The bizarre story of the Great Windham Frog Fight spread across the United States and all the way to Europe during the 18th century.
People celebrated it in song and print in the 19th century and commemorated by 11-foot frog sculptures in the 20th. In addition, those sculptures appeared in a Zippy the Pinhead comic in the 21st.
One 1851 ballad, called The Bull-Frog Fight. A Ballad of the Olden Time, begins the tale:
A direful story must I tell,
Should I at length relate,
What once a luckless town befell,
In ‘wooden nutmeg’ State.
The Windham Frog Fight
Here’s the story of the Great Windham Frog Fight: In the summer of 1754, tensions ran high in the frontier town of Windham, Conn., because the French and Indian War had broken out in May. At the same time a drought threatened the farming community’s crops.
Shortly after midnight on a hot, muggy night in June, the residents of the town of Windham woke to a hideous sound, a shrieking, clattering roar.
The frightened townspeople jumped from their beds.
Some thought the horrifying sounds were the war whoops of attacking Indians. Some thought they were the trumpets of Judgment Day. Others thought they were native Americans saying ‘gin’ and ‘rum.’ An elderly African-American man argued it couldn’t be the Day of Judgment because it was nighttime.
Some terrified villagers thought they could hear the sound of names being called out: ‘Col. Dyer’ and ‘Elderkin’ — two of the town’s militia leaders.
Lawyer Eliphalet Dyer – described by John Adams as ‘longwinded’ and ‘tedious’ but an ‘honest, worthy man’ — led the town’s militia in military readiness.
Jedidiah Elderkin was another lawyer who, with Dyer, planned to colonize the Susquehanna Valley. Windhamites may have thought the plan would anger the Indians.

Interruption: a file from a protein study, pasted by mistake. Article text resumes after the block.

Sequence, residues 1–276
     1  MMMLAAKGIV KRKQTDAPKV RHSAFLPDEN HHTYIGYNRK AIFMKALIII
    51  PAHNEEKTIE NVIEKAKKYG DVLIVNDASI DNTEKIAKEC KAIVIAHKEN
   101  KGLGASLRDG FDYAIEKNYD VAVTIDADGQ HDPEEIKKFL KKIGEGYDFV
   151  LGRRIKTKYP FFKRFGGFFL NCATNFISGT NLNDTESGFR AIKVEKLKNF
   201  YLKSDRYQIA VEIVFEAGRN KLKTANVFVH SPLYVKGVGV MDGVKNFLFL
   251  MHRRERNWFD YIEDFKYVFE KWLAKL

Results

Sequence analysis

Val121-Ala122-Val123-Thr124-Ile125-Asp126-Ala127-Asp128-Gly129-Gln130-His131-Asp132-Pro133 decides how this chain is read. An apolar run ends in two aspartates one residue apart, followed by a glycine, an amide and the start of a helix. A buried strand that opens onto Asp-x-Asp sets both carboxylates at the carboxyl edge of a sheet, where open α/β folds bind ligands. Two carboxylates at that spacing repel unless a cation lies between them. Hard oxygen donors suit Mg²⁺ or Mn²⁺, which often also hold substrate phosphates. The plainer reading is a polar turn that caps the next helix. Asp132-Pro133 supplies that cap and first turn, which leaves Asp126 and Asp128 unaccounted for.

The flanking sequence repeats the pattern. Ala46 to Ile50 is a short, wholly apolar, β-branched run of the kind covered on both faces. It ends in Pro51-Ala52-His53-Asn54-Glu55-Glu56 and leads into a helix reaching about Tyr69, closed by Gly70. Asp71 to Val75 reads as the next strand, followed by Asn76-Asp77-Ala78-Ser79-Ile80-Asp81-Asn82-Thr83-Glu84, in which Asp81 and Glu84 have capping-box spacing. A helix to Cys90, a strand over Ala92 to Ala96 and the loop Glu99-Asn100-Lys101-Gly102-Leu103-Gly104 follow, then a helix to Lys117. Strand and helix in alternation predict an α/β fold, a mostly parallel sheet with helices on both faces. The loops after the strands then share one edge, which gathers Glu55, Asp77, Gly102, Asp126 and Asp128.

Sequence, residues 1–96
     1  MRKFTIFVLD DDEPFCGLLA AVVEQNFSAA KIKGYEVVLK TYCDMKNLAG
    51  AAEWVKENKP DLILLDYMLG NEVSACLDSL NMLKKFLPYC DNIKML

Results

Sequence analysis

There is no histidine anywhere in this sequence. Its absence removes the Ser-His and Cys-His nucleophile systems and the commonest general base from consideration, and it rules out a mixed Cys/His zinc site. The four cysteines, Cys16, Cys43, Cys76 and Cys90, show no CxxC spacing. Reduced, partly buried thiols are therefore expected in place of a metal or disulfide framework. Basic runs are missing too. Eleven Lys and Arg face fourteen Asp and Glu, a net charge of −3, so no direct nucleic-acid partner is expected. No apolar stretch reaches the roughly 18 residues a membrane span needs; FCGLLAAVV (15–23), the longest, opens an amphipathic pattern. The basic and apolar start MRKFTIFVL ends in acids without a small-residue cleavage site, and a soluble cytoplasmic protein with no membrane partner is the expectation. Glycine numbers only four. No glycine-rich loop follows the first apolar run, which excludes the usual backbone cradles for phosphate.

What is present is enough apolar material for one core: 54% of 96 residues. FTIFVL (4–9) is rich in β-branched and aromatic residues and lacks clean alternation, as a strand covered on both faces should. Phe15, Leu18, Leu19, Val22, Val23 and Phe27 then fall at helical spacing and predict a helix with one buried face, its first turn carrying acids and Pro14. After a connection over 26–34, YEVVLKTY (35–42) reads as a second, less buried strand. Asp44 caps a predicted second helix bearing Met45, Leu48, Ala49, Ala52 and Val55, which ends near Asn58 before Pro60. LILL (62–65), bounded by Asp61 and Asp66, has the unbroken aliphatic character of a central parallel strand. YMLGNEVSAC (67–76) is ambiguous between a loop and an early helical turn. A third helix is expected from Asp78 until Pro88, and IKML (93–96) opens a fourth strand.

The militiamen were said to have fired their muskets into the darkness throughout the night. By morning, the sound died down, and the townspeople celebrated their victory in the Great Windham Frog Fight.
But as dawn broke, a scouting party ventured out toward the place from where the sound came. They realized the embarrassing truth. Hundreds of bullfrog corpses — all belly up — littered the landscape.
The sound had come from a pond belonging to Dyer. Because the drought had dried up all of Windham’s standing water, only a puddle remained at the bottom of the pond. A horde of frogs descended on that one remaining wet spot and fought over it.
What the Windhamites had heard were the battle cries and dying moans of thirsty bullfrogs, magnified by the cloud cover and muggy air.
The story spread far and wide. At least three ballads were written about the Great Windham Frog Fight, while an 1888 operetta, The Frogs of Old Windham, drew audiences throughout Connecticut.
After the American Revolution, the Windham Bank issued banknotes with an image of a frog standing over the body of another frog.
The Willimantic section of Windham grew into a factory town that produced silk and cotton thread. The American Thread Company located on the banks of the Willimantic River and became Connecticut’s largest employer.
Today, four 11-foot frogs sitting atop giant spools of thread guard the Thread City Crossing, or Frog Bridge.
Windhamites renamed the frog battlefield Frog Pond, which you can see today a mile east of Windham Center on the Scotland Road. Look on the left as you cross Indian Hollow Brook.
“Willimantic Frog Bridge 1” by Grendelkhan at English Wikipedia. Own work. Licensed under CC BY-SA 3.0 via Wikimedia Commons. Featured image By Carol M. Highsmith – Library of Congress Catalog: http://lccn.loc.gov/2012630525Image download: https://cdn.loc.gov/master/pnp/highsm/19000/19098a.tifOriginal url: http://hdl.loc.gov/loc.pnp/highsm.19098, Public Domain, https://commons.wikimedia.org/w/index.php?curid=51655474,
This story about the Windham frog fight was updated in 2022.
Great story and great photo–makes me want to visit that sculpture!
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